Greg Walden | AHCA | Kate Othus

This is a big week in American health care with the vote on the AHCA tomorrow night. The consequences will be far reaching, including the possible collapse of the individual market in at least one state (Alaska). Oregon will likely fare better than the 49th State up north, but how much?  Ask Greg Walden.

Those and other things are on our radar screen for Oregon health care in March, 2017.

1.  Greg Walden and ballot consequences

Greg Walden has been a driving force of the American Health Care Act, moving the bill through the Energy and Commerce Committee he chairs. That has earned him favor with House leadership. However, Walden also has 129,200 Medicaid expansion beneficiaries in his district, more than any other Republican member of Congress. Medicaid is a central target of his bill, of course.

Walden’s total 2016 vote count of 267,000 suggests he was more popular than Trump on election day, who garnered about 200,000 votes or 56% in Walden’s district. Walden won a number of independents, since there were 189,000 Republicans registered for the general election. Many of those independents didn’t vote for Trump, and many more likely more unhappy with the President now.

It would be extremely unlikely for Greg Walden to lose his seat in a normal election year.  But, 2018 may be far from a normal election cycle.

2.  Video:  Kate Othus, Aldrich Advisors

Kate Othus knows the demands of clinical administration as well as anyone. She’s built clinics, managed providers, and run operations. Kate and her team at Aldrich Advisors are also some of the smartest consultants in Oregon on the topic of MACRA, reimbursement, and plan-provider contracting.

In this issue of “What They’re Watching,” Kate talks through the cultural challenges facing providers as they have to learn to grapple with changing demands to support payment. “Only 20% of physicians even know what MACRA is. So, from a baseline perspective, they don’t know what they don’t know…  There is a lot of data out there that will be used against them (docs) if they don’t prepare their own data.”

3.  CCO contingency planning ahead of 2018

There is an increasing amount of dialog starting among CCO stakeholders outside of Portland about what the 2018 procurement might look like. It’s too early to think about that, according to the OHA, but some executives think it’s possible the OHA may want fewer CCOs in the next round of procurement than the current 16 contracted entities. Legislators have already started the conversation.

For some organizations, this is an existential threat. For all CCOs, it’s a delicate conversation. Yet, some are exploring how an integrated administration would work, how to pool reserves, and what governance might look like with a different model than exists now for rural Oregon. Some think it might be a “HealthShare” model, or informed by it. Others think it might be an entirely new organization.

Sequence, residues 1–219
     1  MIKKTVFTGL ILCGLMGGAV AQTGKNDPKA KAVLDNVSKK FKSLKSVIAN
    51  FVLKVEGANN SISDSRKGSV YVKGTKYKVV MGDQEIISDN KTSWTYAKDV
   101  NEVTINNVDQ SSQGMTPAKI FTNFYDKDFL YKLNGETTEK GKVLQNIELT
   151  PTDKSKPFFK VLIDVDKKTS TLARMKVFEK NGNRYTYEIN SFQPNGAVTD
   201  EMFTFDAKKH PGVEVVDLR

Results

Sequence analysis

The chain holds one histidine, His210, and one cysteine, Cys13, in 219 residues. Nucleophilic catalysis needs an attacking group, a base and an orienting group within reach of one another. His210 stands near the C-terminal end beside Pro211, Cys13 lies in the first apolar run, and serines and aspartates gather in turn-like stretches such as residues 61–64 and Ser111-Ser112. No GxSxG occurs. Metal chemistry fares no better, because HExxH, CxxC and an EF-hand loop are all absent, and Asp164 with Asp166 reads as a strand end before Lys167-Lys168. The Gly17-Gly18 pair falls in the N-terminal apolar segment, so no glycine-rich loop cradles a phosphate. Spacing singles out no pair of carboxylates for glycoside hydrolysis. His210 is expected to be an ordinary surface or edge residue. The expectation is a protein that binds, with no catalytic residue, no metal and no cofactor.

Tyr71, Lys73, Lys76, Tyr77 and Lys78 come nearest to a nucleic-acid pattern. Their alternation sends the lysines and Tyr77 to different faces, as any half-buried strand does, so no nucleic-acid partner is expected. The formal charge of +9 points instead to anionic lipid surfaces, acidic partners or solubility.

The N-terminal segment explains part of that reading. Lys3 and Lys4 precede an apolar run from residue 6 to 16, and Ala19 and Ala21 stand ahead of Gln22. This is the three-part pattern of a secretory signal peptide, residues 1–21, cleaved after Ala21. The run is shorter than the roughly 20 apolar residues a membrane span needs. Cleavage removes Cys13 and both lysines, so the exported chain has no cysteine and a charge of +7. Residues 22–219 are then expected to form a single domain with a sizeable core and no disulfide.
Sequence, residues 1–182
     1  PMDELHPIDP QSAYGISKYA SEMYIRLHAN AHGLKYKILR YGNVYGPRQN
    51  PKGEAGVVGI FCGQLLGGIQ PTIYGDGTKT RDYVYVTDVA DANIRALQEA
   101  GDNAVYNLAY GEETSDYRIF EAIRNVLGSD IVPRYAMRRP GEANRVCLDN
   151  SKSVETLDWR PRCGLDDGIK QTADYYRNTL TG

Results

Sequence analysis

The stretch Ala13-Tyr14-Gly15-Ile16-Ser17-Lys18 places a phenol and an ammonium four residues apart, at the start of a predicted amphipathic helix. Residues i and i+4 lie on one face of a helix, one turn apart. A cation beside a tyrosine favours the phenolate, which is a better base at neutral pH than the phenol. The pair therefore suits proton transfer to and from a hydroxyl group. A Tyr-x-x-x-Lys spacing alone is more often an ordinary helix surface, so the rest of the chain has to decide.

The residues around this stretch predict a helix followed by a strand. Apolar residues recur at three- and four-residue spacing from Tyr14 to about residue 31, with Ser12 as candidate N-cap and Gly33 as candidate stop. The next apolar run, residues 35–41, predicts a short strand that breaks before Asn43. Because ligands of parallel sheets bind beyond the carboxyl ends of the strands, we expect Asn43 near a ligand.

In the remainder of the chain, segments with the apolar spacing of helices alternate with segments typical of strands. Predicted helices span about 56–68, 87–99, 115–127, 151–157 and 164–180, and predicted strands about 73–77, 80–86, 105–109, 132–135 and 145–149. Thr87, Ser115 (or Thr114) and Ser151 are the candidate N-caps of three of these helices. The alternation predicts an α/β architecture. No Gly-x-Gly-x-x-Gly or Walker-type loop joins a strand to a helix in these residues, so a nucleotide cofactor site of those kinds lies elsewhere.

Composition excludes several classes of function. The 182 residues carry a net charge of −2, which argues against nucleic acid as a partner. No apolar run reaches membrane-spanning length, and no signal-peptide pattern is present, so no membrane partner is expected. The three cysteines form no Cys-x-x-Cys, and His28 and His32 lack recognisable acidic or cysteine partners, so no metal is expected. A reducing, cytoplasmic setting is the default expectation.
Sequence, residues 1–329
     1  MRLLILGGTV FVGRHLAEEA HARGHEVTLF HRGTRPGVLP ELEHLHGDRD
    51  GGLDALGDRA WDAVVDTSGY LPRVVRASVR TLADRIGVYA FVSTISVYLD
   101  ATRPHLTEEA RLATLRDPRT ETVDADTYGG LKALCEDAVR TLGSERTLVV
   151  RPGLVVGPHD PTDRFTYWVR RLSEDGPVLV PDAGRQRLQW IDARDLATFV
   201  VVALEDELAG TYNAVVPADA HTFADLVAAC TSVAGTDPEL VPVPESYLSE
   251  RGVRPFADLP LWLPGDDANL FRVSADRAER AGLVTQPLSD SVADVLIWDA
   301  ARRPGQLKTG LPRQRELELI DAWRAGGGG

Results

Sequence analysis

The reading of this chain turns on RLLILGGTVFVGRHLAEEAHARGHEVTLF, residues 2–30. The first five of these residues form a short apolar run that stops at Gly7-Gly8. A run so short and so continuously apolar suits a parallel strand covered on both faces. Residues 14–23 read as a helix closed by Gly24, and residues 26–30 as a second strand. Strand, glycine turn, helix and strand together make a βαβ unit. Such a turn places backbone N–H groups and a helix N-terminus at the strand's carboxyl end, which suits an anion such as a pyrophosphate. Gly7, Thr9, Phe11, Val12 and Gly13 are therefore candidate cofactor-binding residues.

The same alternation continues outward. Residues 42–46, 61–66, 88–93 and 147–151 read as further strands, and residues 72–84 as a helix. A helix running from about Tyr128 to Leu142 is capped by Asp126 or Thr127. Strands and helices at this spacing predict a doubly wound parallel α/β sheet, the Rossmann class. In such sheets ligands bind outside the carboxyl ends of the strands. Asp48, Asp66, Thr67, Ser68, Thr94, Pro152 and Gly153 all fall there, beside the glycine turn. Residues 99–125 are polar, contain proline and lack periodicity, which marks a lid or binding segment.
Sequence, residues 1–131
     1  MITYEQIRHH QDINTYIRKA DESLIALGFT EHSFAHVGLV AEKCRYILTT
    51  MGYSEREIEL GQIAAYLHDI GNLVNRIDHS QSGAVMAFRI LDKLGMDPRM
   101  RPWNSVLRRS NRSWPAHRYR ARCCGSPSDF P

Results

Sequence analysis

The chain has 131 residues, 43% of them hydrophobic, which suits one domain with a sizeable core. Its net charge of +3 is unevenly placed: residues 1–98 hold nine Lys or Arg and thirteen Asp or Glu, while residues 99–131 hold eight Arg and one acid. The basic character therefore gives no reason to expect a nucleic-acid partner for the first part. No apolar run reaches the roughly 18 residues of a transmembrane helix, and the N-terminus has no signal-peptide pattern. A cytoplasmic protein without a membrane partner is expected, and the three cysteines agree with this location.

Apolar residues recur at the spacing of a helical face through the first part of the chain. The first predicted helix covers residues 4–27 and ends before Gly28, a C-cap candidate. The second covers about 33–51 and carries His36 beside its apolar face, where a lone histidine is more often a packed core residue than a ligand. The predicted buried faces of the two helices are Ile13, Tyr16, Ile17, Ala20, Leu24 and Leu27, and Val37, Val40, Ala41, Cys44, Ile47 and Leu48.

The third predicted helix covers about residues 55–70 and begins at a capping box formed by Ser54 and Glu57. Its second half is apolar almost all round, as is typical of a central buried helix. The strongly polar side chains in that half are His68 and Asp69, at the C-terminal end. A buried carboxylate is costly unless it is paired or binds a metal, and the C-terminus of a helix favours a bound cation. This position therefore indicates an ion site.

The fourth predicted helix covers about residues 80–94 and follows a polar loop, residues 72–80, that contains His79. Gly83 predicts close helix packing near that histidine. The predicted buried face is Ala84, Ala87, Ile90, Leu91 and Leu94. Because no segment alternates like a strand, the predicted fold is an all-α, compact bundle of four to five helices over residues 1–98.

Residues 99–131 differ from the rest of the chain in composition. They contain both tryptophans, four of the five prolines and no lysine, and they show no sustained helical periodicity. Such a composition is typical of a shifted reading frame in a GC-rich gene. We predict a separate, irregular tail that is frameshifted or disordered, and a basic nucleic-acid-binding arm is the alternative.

4. Republican bill up for vote Thursday

Thursday is the 7th anniversary of the signing of the ACA. It’s also the day the US House is set to vote on their reform bill, the American Health Care Act. The bill is set to be amended in the Rules Committee on Wednesday.  You can read the Congressional Budget Office memo here.  It’s perhaps the most important read you’ll find for an objective analysis of the bill.

Ironically, a million more people may become uninsured under the AHCA than if Republicans simply repealed Obamacare, according to the CBO. It’s a bill that even Trump began to pan a bit in his Monday night rally in Kentucky where he asked “Hey Mitch, are we going to be ok?”

McConnell said Tuesday he wants a vote on the bill next week.

5. Launching the State of Reform podcast

State of Reform tries to bridge the gap between the world of health care and that of health policy. We do this in part by providing a platform for the voices of senior executives and health policy leaders. The content generated by them is then shared across multiple discreet information channels, providing insights wherever consumers access their information most easily: web, email, social, video, small-run book publishing, and conferences.

Today, we add a podcast to that list of channels where you can learn directly from senior members of the health care and health policy world. This is content in their voice, reflective of their thinking. Expect to hear stories ranging from Honolulu to Baton Rouge – and of course Oregon.

In our first podcast episode, we go to Texas, perhaps the staunchest state-opponent to the Affordable Care Act. We wondered: Is a Trump presidency good news for Texas health care?  What we heard was a range of answers – but some acute anxiety.